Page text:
The theme for the August Challenge is "REPEATING Motifs" a.k.a. PATTERNS. This can be any craft or work of art that uses a repeat design. Anything from a Zentangle® tile to a patterned clay tile, a journal page with repeated designs to a piece of cast resin. Anything with patterns---as long as it isn't a card.
For my challenge piece, I glued string to a manila tag, using the Zentangle® pattern Hibred. Of course, this is also a pattern of great antiquity that you may have seen decorating walls or used in quilting or gourd painting. But the Zentangle pattern breaks it down into nice, easy steps so anyone can draw it. The steps worked well for my tag. Instead of drawing a line, I just glued down a piece of string.
To prepare, I marked three even spaces on each side of my manila tag, and used them to draw the initial triangles for my Hibred pattern. I measured the length of each triangle side and then cut six pieces of twine to a bit more than that length. I gathered up string, but didn't cut it at this time.
I glued the twine down on the drawn lines. The reason I left each piece long was because twine often unravels when it is cut. I drenched the edges in glue and once it dried, I trimmed them to the edges of the card. The glue kept the twine from unraveling.
This would correspond to the second step of the Hibred pattern. I more or less skipped step one because the edges of the manila tag create the border lines.
I measured a length of string from the card edge to place where I wanted it to meet the twine for the third step, cut six more pieces that length, and glued them down.
I repeated this step, measuring from the edge of the tag to where I want the second row of string (vs the twine) to meet the first row. I then repeated one more time so that I had three lengths of string within each triangle of twine.
Just the manila tag alone would have created a very shallow mold, so before going further, I cut a piece of foam core to the size of the manila tag, and glued it to the back. I also put a dot of glue over the tag's hole. Easy enough to carve it back out once cast, and this gives me the option not to have the hole.
To make sure that nothing would stick to the mold putty, I coated the tag and strings lightly with vegetable oil.
I pulled out enough of Part A and stretched it to see if it would cover about half of the tag. I added more until I was satisfied it would, and then pulled out an equal amount of Part B. After rolling them, to get the putty even, I mixed the two putties together until both were a solid yellow.
I was totally experimenting at this point. I wanted a collage look, with paper scraps--text, photos, etc.--filling in the areas between the twine, but bisected by the strings. I had originally thought about using Amazing Clear Cast Resin, but I didn't have any on hand, but I began to wonder what would happen if I embedded the paper scraps in the Casting Resin, which cures white.
I poured a small amount of Parts A and B, using the TSP measurement of the cups that come with the Casting Resin, and then mixed them together, thoroughly until the mix was clear.
Pouring carefully, I filled the deeper parts of the mold. I used a toothpick to help guide the resin. I thought about wiping away the resin that spilled over, but this was an experiment, so I decided to just let things happen as they would.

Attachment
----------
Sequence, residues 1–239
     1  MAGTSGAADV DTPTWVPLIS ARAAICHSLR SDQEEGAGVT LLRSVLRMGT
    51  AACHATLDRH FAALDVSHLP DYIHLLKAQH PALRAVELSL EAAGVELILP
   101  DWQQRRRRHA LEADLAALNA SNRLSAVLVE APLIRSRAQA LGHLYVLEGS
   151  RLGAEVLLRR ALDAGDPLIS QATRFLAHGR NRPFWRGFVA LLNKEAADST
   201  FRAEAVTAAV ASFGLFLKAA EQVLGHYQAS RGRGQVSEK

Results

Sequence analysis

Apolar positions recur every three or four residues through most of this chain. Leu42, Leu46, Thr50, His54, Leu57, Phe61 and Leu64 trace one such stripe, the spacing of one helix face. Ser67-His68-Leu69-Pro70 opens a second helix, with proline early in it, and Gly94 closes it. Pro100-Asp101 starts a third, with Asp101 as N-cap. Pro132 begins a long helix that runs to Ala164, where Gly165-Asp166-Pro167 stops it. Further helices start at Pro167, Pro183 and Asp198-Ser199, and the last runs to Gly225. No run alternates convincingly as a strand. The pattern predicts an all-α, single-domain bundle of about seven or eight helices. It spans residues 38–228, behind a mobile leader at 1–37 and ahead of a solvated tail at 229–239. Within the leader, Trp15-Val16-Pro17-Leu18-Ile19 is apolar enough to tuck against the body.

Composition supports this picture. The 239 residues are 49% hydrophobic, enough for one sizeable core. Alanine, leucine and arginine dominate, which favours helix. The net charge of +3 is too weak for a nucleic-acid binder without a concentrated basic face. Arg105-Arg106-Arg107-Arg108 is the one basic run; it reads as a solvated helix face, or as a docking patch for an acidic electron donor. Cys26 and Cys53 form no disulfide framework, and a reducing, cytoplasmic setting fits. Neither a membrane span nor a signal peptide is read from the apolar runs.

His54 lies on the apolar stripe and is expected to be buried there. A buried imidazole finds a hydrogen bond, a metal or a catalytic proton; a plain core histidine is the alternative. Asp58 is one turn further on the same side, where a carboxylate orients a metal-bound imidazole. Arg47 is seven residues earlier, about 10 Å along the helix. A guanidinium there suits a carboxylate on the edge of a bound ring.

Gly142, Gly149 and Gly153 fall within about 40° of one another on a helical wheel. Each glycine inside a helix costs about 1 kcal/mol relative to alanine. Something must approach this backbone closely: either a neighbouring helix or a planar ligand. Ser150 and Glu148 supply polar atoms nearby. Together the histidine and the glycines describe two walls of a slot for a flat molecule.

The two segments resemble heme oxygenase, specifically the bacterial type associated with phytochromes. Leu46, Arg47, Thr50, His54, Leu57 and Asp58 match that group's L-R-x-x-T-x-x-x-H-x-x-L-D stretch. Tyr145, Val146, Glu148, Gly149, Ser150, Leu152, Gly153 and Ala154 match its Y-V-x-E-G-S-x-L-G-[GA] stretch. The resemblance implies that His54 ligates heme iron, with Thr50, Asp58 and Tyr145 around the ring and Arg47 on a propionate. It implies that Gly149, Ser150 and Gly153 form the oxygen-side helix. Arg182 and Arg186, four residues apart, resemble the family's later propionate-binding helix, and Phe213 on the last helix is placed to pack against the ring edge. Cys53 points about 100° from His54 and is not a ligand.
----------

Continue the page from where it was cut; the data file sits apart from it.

I took some paper scraps--pieces torn from an art supply catalog, the wrapping around a ream of printer paper, and from printed art tissue--and cut them into triangles that would fit between the large triangles of the pattern. I cut two triangles from each kind of paper and lay them, picture side down onto the mold. I lay them out so that each kind was equidistant from itself, which means they created a repeating design, aka a pattern.
Then I mixed up another, larger batch of resin, about 2 tsps of each part, and poured it over the scraps. With the popsicle stick that I had used for stirring, I kept pushing the paper scraps down, trying to keep them as flat as possible. The idea was to let the resin coat them, but not completely cover the front of them. I did this until the resin started lumping, and a little beyond that point.
Amazing Casting Resin sets in about 5 minutes. I pulled it as soon as I could. The resin was very lacy in some areas, translucent in others, and totally covered the scraps in some areas. I used an exacto knife, while the resin was still soft, and cut away holes in some of the thicker areas just to add more 'lace'. I also cut out the 'tag' hole.
At this point, the tag made me think of Christmas Trees, I thought of painting it that way, but the theme for this challenge is Repeating Motifs and I wanted to bring the pattern out a little more.
I painted the lines of the Hibred pattern with Iridescent Gold and Metallic Purple. That brought out the pattern nicely, but took away from the frost-and-lace look, so I wiped off most of it with a paper towel, just leaving a tint.
I can think of several things to do with this, but I think it's going to be a suncatcher.
Next time, I'll do things a little differently. I kept flattening the paper too long, and the back of the tag is lumpier than I like. I'll try paper with brighter colors that are a little heavier. The fun part is that I don't know if that will make things better or worse. I love surprises!
I hope you enjoyed my how-to and that I've inspired you to head over to the Anything But a Card challenge blog to enter a piece of your own. Remember, it doesn't have to be as complicated as mine was. It just needs to use a repeated design and NOT be a card!
6-1/4 by 3-1/8-Inch
Twine - 2 ft, to be generous
String or cord - 2 ft, to be generous
3 kinds of Paper Scraps
Metallic Purple Acrylic Paint
Interference Gold Acrylic Paint